Analysis: US unhappy over proposed Hamas-Fatah deal


RAMALLAH, West Bank — Warring Palestinian factions Hamas and Fatah have drafted an agreement to end their two-year civil war. But U.S. diplomats oppose the deal. Here’s why.

The planned agreement, a copy of which GlobalPost obtained from senior Palestinian officials this week, goes some way toward validating Hamas control of the Gaza Strip. The 25-page document in Arabic also orders Palestinian security forces, currently being trained by a U.S. general, to “respect the right of the Palestinian people to resist and to defend the homeland and the citizens,” suggesting that attacks against Israeli targets won’t be countered.

The agreement could be a major setback to the Obama administration’s attempt to get recalcitrant Israeli and Palestinian negotiators back into peace talks. Israel is not likely to strike a deal with Fatah if it believes its "partners" in the "peace process" are making nice to Hamas.

The measures laid out in the document suggest Palestinian President Mahmoud Abbas has succumbed to recent domestic pressure over his handling of a U.N. report critical of Israel’s tactics in the war in Gaza at the turn of the year. Abbas was criticized for dropping plans to push for hearings against Israel at the International Court of Justice in The Hague over the U.N. report. He has revived those plans, but now also risks a confrontation with the U.S. over a deal that concedes much ground to the Islamist party.

Fatah officials say they signed the agreement already this week, though they added that the text of the deal hasn’t been made public. Hamas has yet to sign the document. By Oct. 25, according to the document, Abbas will ink an order scheduling elections for June next year.

Hamas drove Abbas’s Fatah faction out of the Gaza Strip by force of arms in spring 2007, when the Islamist party also controlled parliament and the prime minister’s post. Since then, Abbas has ruled from Ramallah with a prime minister Hamas says is illegitimate. Both sides have tortured opponents and, according to human rights groups, Hamas has murdered Fatah supporters in Gaza. (The text obtained by GlobalPost includes provisions for the release of political prisoners by both sides.)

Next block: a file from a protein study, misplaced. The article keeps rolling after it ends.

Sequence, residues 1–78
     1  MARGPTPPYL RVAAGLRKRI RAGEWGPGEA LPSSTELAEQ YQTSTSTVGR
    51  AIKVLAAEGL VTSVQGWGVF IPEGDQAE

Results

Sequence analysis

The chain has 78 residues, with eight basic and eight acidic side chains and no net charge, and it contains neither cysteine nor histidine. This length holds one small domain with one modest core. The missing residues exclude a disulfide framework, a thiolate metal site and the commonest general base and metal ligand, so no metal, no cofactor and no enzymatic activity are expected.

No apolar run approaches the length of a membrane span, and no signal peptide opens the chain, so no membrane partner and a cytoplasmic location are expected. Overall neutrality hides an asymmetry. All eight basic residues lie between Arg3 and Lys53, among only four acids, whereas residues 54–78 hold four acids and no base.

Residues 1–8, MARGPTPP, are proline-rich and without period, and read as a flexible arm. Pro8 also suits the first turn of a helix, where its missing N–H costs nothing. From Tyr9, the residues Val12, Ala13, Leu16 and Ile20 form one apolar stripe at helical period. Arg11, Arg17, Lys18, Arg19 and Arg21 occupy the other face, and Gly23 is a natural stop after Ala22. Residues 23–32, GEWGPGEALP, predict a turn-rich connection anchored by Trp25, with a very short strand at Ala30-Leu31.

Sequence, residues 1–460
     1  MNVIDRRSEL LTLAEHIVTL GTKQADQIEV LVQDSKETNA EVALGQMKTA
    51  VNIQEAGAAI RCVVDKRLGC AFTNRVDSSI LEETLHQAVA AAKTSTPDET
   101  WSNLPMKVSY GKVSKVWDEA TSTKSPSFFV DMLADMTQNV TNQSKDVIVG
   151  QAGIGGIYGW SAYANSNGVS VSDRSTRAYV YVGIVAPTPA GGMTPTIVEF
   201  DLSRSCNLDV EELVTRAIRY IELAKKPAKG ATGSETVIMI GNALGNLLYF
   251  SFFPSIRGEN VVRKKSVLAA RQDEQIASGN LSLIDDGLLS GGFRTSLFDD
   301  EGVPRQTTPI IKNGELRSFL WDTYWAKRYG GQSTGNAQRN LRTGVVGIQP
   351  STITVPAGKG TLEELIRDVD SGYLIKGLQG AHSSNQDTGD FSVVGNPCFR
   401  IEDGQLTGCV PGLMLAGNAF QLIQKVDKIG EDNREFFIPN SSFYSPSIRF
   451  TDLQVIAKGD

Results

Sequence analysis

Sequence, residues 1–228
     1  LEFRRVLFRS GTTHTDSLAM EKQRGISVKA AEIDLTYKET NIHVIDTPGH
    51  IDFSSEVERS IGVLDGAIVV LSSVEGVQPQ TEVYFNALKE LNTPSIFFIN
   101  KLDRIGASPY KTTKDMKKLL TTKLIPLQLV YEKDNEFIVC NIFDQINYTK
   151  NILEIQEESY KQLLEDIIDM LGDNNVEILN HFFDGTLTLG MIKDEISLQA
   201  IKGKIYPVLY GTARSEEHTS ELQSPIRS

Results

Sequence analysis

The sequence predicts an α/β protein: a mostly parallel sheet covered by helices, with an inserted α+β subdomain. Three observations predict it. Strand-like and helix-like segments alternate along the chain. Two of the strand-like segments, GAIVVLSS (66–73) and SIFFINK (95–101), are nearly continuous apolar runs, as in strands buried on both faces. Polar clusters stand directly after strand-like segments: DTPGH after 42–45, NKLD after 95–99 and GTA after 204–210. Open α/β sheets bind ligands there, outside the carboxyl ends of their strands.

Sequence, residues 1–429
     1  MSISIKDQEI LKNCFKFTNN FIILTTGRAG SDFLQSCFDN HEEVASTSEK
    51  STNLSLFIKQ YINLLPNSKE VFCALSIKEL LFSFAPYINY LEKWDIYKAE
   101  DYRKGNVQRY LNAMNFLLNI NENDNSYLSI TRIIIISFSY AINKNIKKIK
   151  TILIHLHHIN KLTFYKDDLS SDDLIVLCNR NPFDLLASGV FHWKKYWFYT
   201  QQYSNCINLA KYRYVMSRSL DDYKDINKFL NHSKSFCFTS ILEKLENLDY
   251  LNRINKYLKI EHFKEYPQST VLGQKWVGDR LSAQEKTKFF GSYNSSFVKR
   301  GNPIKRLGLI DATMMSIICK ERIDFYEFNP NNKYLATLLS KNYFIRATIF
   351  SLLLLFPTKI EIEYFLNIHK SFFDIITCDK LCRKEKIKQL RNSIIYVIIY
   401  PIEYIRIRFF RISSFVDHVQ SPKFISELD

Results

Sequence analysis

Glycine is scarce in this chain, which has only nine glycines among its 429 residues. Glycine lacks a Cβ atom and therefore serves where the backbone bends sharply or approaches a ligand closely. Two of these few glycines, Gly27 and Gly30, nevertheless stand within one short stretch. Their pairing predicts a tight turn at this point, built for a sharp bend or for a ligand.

The tension between the two factions has been a factor in the stalled peace talks with Israel. The U.S. has pushed for a deal that would end the civil conflict, though Secretary of State Hillary Clinton said in Ramallah earlier this year that any agreement must not allow Hamas a role in Palestinian government. Since Fatah was driven out of Gaza, it has paid wages to government workers there, but ordered them to stay at home.

In repeated negotiations under the auspices of the United States' Egyptian allies, Fatah appears now to have conceded a governing role to Hamas. The agreement calls for a “joint committee” to act as a transitional government over the West Bank and the Gaza Strip. The committee would be staffed by Fatah and Hamas officials.

That would probably mean government workers in Gaza would go back to their desks, working under Hamas rule — something the U.S., which along with the European Union pays much of their salaries, opposes.

The agreement calls for “a culture of tolerance, affection and reconciliation.” Before signing the deal, Abbas slipped in some less than affectionate rhetoric about Hamas Tuesday in Jenin. He called Hamas’s Gaza Strip an “Emirate of Darkness.”

The newly decreed tolerance doesn’t seem to extend to Israel either. Resistance to Israel’s occupation must be respected by Palestinian security forces, the document says.

That won’t sit well with General Keith Dayton, the U.S. adviser who has transformed the Palestinian security forces over the last year. Israeli military chiefs acknowledge that cooperation with Palestinian troops has never been better and have consequently removed a number of checkpoints on key West Bank arteries. The proposed agreement appears to turn back the clock to the days of Yasser Arafat’s regime in the 1990s, when senior Palestinian security officials were never quite sure if they were supposed to arrest militants — to protect the peace agreement with Israel — or let them engage in valid “resistance” against Israeli targets. Under such circumstances, Israel’s newfound confidence in the Palestinian security forces would be dented and Dayton’s good work would be set back.

U.S. Mideast envoy George Mitchell reportedly communicated Washington’s opposition to Egyptian intelligence chief Omar Suleiman over the weekend, according to reports in the Israeli media. The U.S. Embassy was not available for comment on this issue.

However, analysts here concur that the U.S. wouldn’t be likely to oppose all elements of the agreement. In particular the proposals for the elections next year favor Fatah. The number of parliamentary seats selected by proportional representation is to be increased. In the 2006 elections, Hamas won largely because it did well in seats selected by district.

That’s not going to be enough to get Mitchell to buy it. But it may already be too late for him to stop it.